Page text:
The following statement may be the most important concept you will ever learn when it comes to overcoming your pains and injuries.....Ready?
Most muscle / joint pain and injury is the result of 2 very correctable causes:
1. Abnormal body mechanics (muscle and joint imbalances, posture/alignment, movement), and
2. De-conditioning (out of shape, not specifically physically prepared for the stress that the body encounters).
Injuries can result from a large, one time macro-stress (slip, fall, lift, crash), or from smaller repetitive micro-stresses that build up over time (posture and movement abnormalities, or fatigue). Regardless of the type, injury occurs because your body cannot withstand the stresses that are imposed on it. Sometimes it is your level of strength and endurance that fails to stand up to the stress (physical conditioning). At other times, it is muscle imbalance, posture, or incorrect movement (body mechanics) that fails to stand up to the imposed stress.
All of these many varieties of stress cause the same end result- a tearing or breaking of some body soft tissue (muscle, ligament, tendon, cartilage, disc, fascia, nerve, etc.). Even in cases of degenerative conditions such as arthritis, stenosis, degenerative discs, spurs, and re-aggravations of previous conditions, the result is the same- torn or broken tissue fibers. When most tissue fibers break, nerves are stimulated which causes pain to be experienced. Pain is the first reaction to injury. It is the natural warning system of the body to avoid more damage. Listen to this warning and avoid any aggravating activities! The next reaction of the body is to begin a "protect and repair response". The protection comes in the form of muscle spasm to avoid any additional movement that may further aggravate the damage. The repair comes in the form of a 3 phase response known as the inflammatory process.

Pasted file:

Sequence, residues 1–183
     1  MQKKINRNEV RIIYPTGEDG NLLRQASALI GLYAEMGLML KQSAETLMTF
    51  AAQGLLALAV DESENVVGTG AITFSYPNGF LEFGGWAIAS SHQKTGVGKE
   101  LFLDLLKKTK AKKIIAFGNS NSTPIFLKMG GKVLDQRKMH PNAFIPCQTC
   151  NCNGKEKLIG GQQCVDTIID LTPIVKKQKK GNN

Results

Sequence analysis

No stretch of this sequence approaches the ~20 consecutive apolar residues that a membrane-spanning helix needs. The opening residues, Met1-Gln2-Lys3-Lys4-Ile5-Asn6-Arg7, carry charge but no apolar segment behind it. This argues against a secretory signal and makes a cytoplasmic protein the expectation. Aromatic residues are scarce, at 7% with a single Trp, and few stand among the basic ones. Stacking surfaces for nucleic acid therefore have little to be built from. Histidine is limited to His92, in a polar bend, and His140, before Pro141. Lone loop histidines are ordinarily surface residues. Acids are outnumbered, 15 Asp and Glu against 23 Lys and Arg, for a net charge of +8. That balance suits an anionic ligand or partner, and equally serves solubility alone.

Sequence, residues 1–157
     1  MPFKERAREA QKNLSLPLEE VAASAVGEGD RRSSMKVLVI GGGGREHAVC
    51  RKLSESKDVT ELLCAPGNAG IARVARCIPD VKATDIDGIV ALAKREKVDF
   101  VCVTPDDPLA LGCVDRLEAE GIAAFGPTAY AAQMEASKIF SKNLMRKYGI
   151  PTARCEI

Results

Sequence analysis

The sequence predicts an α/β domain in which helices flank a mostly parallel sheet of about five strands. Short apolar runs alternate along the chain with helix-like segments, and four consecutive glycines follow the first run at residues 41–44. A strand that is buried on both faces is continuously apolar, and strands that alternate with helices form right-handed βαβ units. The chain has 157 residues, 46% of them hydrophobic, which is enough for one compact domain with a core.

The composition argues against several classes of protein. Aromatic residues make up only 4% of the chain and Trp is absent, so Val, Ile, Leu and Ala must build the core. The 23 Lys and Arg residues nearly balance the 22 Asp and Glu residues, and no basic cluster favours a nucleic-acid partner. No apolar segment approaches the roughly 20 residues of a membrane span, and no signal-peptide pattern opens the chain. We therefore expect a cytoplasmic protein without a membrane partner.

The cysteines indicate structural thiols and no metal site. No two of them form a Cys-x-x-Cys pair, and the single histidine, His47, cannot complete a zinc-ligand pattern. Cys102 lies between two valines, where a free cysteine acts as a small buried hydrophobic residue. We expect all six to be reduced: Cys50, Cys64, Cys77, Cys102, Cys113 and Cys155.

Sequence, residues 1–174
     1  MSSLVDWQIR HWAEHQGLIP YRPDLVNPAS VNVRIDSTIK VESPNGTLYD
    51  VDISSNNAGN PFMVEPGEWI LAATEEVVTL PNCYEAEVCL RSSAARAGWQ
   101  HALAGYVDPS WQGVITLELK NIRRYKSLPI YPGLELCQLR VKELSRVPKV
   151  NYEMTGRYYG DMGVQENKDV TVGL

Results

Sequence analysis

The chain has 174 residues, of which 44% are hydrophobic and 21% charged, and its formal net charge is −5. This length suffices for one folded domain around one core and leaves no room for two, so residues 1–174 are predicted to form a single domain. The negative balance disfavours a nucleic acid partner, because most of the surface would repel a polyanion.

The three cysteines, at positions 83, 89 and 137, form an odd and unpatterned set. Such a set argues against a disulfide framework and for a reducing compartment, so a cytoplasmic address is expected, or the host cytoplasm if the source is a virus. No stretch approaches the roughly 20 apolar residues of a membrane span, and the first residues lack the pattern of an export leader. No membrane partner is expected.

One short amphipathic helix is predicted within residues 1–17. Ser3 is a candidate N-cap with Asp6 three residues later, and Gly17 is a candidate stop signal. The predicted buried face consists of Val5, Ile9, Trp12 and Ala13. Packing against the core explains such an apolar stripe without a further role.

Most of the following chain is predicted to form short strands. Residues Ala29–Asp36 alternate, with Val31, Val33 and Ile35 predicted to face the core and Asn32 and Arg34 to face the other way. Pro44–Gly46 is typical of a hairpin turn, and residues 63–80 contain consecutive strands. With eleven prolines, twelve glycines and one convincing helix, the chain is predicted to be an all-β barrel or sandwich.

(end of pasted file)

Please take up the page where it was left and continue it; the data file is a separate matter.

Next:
Inflammation is the initial phase during the first 3-5 days after you injure yourself. Here, the body attempts to break down and remove damaged tissue. The increased blood supply and this initial process causes swelling, while local muscles tighten in an attempt to brace and protect the injured area. The next phase (repair) of the damaged body part begins with the laying down of new soft tissue fibers by fibroblast cells over the next 2-6 weeks, as the broken parts are mended together with new fibers. These new fibers are laid down both in the same direction as the original damaged fibers, and also in many other directions, which results in a local thickening or "scar" known as fibrosis. Tiny new nerves and blood vessels grow inbetween the dense fibers of the scar (angiofibroblastic proliferation), which can become irritated when you move the injured area causing more pain. The final phase of repair (remodeling) may take up to two years, as the body breaks up all the fibers in the scar that are not oriented in the same direction as the original tissue. This breaking up of excess fibers occurs through daily motions of the injured body part. For optimum healing, these motions must be in the correct direction of movement, done with proper body mechanics, and they must occur through an optimum range of motion. If these motions are dysfunctional, or too great for the healing fiber's current strength level, they may tear again.
This 3 phase inflammatory process is what is actually happening with your ongoing pains. It is the same, regardless of your diagnosis: strains, sprains, tendinitis, tendinosis, neuropathy, radiculopathy, sciatica, carpal tunnel, arthritis, arthrosis, degenerative discs, herniated discs, meniscus tears, bone bruises, stenosis, facet syndromes, spurs, plantar fascitis, shin splints, stress fractures, impingement syndromes, bursitis, and practically every type of injury and pain you can think of.
It is important to note that discs, cartilage and menisci do not have deep internal blood vessels and nerves, so some may argue that they can't be painful, but they do have peripheral ones, as well as associated soft tissues that are susceptible to the above inflammatory process. All sensitive tissues are sensitive because they are in some stage of the healing (inflammatory) process.